Spotlight Series: Aisha San Roman

By Marisol Canales

“A ball of fire!” This is how 20-year-old Aisha San Roman would describe her character Carmensita in “Mariachi Girl”. A theatre major at the University of Texas at Austin, San Roman proclaimed her role as the lead to be life changing.

“I had the opportunity to touch so many lives – from 4 and 5-year-olds to grandparents,” said San Roman. “It was amazing.”

Written with a bilingual twist, “Mariachi Girl” was successful in reaching a wide rage of audiences from both languages. All were able to fully engage in the play’s message without feeling turned off, and on the contrary, gave a closer connection to many.

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Mariachi: Now and Then

By  Marisol Canales

In honor of Mariachi Girl making its debut on the Austin stage, the blogging team presents you with an inside look at the development of Mariachi culture. We trace the development of the iconic style of music from its roots to how it’s bled into pop culture. Enjoy!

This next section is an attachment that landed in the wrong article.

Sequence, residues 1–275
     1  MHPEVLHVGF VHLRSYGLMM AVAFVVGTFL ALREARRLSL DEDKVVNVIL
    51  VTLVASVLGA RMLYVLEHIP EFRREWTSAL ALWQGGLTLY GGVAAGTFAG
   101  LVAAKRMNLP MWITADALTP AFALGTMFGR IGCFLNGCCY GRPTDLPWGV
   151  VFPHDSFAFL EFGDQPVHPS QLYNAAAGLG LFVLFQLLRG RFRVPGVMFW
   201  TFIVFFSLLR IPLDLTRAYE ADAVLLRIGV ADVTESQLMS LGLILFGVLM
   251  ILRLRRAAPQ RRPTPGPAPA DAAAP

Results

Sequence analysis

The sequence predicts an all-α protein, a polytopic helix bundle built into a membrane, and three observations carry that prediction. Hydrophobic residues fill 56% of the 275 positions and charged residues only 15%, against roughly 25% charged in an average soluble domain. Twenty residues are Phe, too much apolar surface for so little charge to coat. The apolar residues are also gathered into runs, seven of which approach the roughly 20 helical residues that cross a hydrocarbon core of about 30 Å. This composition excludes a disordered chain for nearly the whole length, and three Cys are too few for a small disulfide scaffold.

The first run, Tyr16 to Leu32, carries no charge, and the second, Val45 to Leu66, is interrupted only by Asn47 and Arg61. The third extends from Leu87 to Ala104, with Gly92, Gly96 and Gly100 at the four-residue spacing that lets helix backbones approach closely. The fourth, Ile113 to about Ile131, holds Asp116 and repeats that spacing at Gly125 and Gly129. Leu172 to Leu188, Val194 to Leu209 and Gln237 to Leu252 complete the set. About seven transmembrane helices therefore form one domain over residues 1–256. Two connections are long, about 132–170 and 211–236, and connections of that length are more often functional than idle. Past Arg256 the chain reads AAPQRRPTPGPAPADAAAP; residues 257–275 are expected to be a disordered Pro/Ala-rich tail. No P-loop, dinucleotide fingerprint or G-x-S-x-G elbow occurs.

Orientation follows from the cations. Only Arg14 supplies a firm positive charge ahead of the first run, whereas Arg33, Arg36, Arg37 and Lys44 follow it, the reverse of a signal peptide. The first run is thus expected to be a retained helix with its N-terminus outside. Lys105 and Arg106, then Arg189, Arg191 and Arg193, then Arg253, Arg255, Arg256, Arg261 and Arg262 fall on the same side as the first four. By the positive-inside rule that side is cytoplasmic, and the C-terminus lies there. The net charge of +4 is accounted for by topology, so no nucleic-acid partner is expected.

“Ay, ay, ay, ay! Canta y no llores!” Written back in 1882, the popular Mariachi song, “Cielito Lindo” has endured as a Mexican favorite for centuries. It carries the passion behind the origination of Mariachi music – love, triumphs, hardships, and happiness.

Modern Mariachi music traces back to Jalisco in the course of the Mexican War of Independence. Depicting a strong sense of pride for their country, Mexican peasants would gather at local haciendas to sing their people’s pain through the French invasion and celebrate their victories in the Mexican Revolution. Centuries later, the rural folk style of music has grown as a unifying representation of the strong Mexican identity and its culture.

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